I never thought I’d say this, but working with SQL Server Reporting Services (SSRS) has taught me a valuable lesson…

It doesn’t matter what report engine you use, they all have their quirks.

I have a Crystal Reports background thanks to the ERP system that I used to support. I learned how to work with it inside outside upside down. It got to the point that I knew how to get it to do what I needed, no matter how obscure my end users got with their requests. It was a good thing.

Now I’m in a SSRS environment, and I curse my unfamiliarity with this report builder. I have to keep reminding myself that it’s a Microsoft tool – so many options that I’d be looking for in context menus are probably hidden in toolbars. For example, I was looking on doing conditionally-formatted row backgrounds, and I eventually found it in a toolbar – as soon as I reminded myself that it’s a Microsoft product.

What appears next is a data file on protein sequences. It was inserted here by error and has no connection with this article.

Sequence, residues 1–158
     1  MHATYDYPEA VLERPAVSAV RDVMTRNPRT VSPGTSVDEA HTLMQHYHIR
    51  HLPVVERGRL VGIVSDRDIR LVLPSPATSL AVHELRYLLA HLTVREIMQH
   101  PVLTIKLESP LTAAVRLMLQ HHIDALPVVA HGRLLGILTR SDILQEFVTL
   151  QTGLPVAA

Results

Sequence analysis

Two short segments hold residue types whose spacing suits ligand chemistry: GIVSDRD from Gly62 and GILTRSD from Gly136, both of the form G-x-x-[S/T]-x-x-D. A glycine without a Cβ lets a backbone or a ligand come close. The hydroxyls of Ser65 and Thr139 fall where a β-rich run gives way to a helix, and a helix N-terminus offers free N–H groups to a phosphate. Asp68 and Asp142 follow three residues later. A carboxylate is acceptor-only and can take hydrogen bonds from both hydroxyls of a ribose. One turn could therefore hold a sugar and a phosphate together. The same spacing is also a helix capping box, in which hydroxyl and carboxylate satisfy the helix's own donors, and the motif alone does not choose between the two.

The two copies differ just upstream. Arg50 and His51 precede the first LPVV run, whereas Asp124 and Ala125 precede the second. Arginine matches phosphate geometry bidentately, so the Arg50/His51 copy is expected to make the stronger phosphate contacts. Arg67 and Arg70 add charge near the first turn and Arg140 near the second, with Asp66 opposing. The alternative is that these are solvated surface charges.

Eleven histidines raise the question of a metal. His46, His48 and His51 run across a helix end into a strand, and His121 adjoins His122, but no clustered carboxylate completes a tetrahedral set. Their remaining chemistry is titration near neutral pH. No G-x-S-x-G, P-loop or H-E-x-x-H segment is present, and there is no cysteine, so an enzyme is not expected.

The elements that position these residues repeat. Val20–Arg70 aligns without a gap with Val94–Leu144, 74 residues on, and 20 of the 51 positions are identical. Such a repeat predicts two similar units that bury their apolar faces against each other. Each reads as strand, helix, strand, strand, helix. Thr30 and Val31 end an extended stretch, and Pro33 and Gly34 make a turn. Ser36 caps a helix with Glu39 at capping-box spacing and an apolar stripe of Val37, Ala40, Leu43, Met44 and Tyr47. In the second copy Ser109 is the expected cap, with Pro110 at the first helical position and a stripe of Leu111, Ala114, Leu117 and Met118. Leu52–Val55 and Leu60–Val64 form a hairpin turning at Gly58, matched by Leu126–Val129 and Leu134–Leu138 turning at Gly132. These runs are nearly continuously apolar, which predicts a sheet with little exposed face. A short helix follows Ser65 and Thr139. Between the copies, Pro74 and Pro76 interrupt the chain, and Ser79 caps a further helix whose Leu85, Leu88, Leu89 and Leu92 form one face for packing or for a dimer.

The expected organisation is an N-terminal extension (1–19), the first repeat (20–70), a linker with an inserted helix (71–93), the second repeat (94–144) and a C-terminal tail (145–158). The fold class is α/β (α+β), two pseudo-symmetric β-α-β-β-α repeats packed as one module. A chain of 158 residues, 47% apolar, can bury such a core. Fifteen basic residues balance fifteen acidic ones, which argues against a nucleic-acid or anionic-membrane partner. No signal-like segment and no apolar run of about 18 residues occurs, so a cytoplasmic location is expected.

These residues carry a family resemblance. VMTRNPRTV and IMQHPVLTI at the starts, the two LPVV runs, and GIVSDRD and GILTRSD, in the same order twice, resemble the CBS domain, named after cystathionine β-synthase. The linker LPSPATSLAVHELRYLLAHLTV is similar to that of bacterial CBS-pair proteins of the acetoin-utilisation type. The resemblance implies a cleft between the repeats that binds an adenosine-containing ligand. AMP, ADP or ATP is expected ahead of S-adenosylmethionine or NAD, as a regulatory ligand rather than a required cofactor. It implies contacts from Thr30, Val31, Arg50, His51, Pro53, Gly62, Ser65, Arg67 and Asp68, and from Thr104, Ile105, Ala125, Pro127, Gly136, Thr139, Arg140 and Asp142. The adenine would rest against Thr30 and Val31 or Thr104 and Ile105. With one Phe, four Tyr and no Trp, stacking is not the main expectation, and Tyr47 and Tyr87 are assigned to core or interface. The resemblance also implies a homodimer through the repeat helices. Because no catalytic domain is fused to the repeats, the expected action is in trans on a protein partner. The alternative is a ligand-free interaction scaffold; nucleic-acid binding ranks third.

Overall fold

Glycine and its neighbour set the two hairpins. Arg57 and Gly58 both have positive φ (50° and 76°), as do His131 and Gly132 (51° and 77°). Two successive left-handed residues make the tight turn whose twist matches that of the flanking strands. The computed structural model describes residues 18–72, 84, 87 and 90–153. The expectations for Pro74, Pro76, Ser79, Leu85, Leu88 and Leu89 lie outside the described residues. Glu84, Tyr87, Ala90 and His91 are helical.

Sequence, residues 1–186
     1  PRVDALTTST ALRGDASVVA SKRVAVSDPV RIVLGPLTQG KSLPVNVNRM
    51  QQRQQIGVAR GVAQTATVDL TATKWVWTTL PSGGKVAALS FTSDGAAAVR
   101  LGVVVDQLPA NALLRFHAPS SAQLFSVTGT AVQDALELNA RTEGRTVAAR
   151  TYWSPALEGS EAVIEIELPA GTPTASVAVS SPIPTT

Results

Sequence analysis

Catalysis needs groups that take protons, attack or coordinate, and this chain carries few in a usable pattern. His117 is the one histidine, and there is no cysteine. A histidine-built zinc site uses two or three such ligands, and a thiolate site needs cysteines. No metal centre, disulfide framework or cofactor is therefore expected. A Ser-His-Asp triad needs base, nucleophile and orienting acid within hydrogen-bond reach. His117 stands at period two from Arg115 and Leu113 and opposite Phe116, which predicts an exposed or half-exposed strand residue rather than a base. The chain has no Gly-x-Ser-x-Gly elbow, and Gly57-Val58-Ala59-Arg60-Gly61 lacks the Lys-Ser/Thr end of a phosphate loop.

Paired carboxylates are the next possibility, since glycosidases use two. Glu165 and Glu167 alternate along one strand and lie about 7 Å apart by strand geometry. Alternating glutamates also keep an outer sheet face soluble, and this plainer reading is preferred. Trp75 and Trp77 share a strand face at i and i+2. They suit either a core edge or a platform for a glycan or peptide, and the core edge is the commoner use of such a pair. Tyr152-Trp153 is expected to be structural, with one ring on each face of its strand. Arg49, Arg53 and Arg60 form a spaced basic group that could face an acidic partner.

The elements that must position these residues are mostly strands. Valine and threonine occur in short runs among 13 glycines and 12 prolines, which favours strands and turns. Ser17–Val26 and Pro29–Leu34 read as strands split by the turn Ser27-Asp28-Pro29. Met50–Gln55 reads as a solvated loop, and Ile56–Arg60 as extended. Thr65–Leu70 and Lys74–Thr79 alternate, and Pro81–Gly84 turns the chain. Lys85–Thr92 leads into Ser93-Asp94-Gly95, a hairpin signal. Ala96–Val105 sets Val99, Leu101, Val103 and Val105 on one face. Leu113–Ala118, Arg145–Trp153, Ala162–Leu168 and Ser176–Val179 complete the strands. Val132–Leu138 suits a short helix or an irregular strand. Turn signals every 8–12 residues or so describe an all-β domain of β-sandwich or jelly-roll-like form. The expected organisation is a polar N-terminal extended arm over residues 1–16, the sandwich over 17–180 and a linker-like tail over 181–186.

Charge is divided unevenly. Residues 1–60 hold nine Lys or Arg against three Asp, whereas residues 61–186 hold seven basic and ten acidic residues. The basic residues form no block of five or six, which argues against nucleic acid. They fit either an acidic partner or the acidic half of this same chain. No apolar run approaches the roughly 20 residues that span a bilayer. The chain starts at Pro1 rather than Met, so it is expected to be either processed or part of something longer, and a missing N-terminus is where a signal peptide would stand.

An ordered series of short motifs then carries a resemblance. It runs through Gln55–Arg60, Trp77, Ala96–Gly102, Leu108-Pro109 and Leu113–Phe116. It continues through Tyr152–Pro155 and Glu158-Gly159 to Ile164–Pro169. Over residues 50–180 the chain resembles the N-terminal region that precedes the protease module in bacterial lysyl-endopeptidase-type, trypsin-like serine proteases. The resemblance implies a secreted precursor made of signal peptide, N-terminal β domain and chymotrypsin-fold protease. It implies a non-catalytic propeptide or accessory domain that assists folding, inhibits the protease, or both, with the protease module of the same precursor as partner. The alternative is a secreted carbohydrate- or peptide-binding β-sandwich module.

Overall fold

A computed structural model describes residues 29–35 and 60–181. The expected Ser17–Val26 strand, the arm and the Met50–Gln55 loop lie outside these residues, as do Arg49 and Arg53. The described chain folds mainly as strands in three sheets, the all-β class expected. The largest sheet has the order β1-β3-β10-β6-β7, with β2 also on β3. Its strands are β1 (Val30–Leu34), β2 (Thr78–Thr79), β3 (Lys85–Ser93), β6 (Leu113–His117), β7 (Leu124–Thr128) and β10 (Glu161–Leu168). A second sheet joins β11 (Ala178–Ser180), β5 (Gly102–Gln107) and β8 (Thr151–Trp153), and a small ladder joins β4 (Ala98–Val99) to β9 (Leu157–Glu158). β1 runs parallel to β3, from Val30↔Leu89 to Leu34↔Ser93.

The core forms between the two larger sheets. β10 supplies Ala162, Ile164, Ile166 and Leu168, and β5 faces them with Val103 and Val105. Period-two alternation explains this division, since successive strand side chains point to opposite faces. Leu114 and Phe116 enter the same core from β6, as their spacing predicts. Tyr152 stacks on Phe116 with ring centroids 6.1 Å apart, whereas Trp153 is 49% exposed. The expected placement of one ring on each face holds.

But then there’s this other maddening (lack of a) feature. Why can I create an expression for my tablix’s sort field but I can’t use an expression to specify the sort order?

And what’s this “A to Z” and “Z to A” sorting terminology? Who are they designing this tool for? As a database admin and a developer, I would know ASC and DESC or even ascending and descending. Dates sort on their date type, numeric types in a numeric order… and neither of those are handled the same way as a character sort. Is the report converting all of its data to strings and literally doing a character sort? Nope – it is sorting ascending and descending. Can SSRS get an update so that it accurately represents the sorting? Is it smart enough to possibly detect the data type of a field and show “highest to lowest” for numbers and “earliest to latest” for dates?

As I continue to work with SSRS, I hope my complaints will subside. But there are some quirks that, in my opinion, make it worthy of the SUX appearances.